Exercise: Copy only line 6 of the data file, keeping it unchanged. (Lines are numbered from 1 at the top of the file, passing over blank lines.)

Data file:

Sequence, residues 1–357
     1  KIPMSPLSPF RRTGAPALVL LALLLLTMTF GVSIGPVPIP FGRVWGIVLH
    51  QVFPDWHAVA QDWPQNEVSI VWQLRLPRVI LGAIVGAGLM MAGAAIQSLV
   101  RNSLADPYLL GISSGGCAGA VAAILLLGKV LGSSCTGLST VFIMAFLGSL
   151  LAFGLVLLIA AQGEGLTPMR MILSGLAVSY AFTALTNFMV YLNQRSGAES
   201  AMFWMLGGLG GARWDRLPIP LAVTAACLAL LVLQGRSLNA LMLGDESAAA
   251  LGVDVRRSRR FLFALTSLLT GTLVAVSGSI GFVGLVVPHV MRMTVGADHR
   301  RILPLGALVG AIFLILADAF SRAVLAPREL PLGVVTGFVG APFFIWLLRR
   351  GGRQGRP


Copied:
   201  AMFWMLGGLG GARWDRLPIP LAVTAACLAL LVLQGRSLNA LMLGDESAAA